Supercell calculations were performed using the generalized gradient approximation (GGA) as implemented in the DFT code Vienna Ab-Initio Simulation Package (VASP)29,30. Atomic positions were fully relaxed starting from data in ref. 31. We used the projector augmented wave method by explicitly treating six valence electrons both for W and Te, while d electrons of Te were kept within the core of the PBE pseudopotentials. Integration over the first Brillouin zone was made with a 12 × 8 × 1 Monkhorst-Pack k-mesh centred at Γ (24 × 12 × 2 for bulk calculations). For all the simulations, a 400 eV plane-wave energy cut-off was used. Spin–orbit coupling has been self-consistently taken into account. Dipole corrections, as implemented in VASP, were applied along the z direction to counteract any spurious electric field that might arise from periodic boundary conditions in the presence of a dipole moment normal to the surface in a slab geometry (with 20 Å-thick layer of vacuum). To model surface as well as more bulk features, we considered a slab containing six planes of WTe2 stacked onto each other along the [001] direction. The effects of van der Waals interactions between WTe2 planes has been properly taken into account by the DFT-D2 method of Grimme32, but no significant differences in the electronic properties have been detected with respect to GGA calculations.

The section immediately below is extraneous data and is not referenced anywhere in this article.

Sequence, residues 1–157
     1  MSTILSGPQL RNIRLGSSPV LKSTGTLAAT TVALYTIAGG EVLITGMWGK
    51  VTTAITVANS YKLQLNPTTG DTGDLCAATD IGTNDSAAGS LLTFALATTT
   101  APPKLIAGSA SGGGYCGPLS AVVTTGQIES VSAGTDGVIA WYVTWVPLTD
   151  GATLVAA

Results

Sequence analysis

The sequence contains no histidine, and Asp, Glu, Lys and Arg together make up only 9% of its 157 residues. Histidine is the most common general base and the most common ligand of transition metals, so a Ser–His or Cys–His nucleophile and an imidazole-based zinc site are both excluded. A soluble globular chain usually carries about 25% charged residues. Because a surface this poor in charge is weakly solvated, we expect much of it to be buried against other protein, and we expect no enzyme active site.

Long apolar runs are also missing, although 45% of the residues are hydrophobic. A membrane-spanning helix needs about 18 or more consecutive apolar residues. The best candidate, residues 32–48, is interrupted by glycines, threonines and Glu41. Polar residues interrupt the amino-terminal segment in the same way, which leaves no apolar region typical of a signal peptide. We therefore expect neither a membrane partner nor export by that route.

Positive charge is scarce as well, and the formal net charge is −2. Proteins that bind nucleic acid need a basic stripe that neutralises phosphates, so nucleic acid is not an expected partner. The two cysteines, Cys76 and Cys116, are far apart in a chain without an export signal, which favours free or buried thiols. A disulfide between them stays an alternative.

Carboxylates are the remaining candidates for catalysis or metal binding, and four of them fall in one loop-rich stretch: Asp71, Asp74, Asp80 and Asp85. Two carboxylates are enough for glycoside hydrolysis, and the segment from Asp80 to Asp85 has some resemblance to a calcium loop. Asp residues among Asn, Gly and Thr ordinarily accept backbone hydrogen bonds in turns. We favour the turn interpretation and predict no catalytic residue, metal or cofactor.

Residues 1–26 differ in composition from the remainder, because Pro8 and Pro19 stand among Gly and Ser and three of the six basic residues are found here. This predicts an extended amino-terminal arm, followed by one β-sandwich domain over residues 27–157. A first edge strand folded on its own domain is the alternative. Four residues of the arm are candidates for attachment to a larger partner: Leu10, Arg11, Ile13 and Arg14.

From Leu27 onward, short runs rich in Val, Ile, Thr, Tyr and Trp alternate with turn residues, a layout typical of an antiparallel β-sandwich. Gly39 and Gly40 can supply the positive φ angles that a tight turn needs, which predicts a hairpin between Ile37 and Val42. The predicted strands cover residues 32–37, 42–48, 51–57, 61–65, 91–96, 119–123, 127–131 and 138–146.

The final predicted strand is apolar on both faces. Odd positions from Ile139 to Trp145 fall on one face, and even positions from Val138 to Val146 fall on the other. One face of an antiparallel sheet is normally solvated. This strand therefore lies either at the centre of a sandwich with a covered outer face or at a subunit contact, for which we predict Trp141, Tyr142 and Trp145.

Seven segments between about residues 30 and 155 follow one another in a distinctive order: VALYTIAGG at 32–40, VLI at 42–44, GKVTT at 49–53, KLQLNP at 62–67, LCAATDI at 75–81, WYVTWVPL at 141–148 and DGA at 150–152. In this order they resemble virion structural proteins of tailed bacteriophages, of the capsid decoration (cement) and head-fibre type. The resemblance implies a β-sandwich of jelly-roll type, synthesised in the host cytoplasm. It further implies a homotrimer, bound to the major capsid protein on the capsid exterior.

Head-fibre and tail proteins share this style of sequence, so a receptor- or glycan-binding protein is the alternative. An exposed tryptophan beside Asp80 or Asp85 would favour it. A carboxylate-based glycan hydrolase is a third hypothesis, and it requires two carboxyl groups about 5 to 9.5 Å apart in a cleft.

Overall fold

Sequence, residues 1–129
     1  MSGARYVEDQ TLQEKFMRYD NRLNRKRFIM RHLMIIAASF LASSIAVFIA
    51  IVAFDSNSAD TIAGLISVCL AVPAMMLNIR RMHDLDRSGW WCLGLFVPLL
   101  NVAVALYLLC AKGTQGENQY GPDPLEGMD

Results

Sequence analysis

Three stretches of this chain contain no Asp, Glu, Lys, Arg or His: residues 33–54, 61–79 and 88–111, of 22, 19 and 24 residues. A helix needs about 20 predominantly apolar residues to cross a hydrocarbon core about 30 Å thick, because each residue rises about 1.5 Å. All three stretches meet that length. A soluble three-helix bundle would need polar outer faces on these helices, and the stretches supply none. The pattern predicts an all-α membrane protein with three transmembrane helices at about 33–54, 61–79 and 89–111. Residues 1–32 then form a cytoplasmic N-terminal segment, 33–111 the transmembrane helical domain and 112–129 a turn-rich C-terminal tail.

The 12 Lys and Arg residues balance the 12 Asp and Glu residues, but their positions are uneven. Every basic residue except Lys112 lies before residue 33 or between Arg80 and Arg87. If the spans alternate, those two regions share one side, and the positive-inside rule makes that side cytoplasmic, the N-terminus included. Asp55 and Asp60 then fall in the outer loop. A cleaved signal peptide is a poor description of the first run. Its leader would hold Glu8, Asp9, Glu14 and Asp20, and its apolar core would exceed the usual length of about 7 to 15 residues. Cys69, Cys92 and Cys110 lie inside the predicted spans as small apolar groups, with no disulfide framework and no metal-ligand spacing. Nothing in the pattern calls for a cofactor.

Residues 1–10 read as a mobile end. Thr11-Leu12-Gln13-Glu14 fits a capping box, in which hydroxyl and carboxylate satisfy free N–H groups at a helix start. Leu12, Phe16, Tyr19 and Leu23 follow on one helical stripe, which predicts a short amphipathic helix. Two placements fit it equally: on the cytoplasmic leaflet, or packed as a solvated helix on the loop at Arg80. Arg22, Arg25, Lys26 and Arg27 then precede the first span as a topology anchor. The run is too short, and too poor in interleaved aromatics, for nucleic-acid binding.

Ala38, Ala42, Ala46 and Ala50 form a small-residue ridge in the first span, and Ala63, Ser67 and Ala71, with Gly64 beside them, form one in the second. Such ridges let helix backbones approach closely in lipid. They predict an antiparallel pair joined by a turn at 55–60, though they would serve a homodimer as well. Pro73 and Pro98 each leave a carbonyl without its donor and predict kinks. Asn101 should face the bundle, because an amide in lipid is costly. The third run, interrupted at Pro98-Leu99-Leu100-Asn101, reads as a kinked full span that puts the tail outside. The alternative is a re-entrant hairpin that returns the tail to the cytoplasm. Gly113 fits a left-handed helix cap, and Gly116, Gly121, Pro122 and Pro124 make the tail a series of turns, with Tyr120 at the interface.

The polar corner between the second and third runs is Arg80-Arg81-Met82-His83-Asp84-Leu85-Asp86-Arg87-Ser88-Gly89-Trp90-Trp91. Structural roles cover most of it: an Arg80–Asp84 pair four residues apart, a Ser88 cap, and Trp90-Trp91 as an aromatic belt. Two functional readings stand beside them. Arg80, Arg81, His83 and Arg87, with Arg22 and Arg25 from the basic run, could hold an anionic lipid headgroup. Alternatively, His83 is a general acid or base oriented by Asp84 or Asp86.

To calculate bulk Fermi surfaces reported in Fig. 3 (right panel), we adopt a two step procedure: (i) first, we projected the bulk Hamiltonian onto a basis made of s and d W-centered, and s and p Te-centered orbitals, for a total of 112 Wannier functions, by means of the WANNIER90 package; (ii) subsequently, the Wannier Hamiltonian is used to build up the bulk Green’s function as G(k,w)=1/(wH(k)+), which, in turn, gives the Fermi surface maps at the chosen binding energy, w. Theoretical spectral functions have been calculated within the framework of the surface renormalization method18 based on the same Wannier Hamiltonian as described before. The surface spectral function is defined as A(k,w)=−(1/π)ImGsurf(k,w), where Gsurf(k,w) represents the angular and energy resolved surface Green’s function. Major differences between A(k,w) and ARPES data, as, for example, line intensities and high-k features, possibly rely in the absence of transition matrix elements in the theoretical description.

Additional information

How to cite this article: Das, P. K. et al. Layer-dependent quantum cooperation of electron and hole states in the anomalous semimetal WTe2. Nat. Commun. 7:10847 doi: 10.1038/ncomms10847 (2016).

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  • Updated online 13 April 2016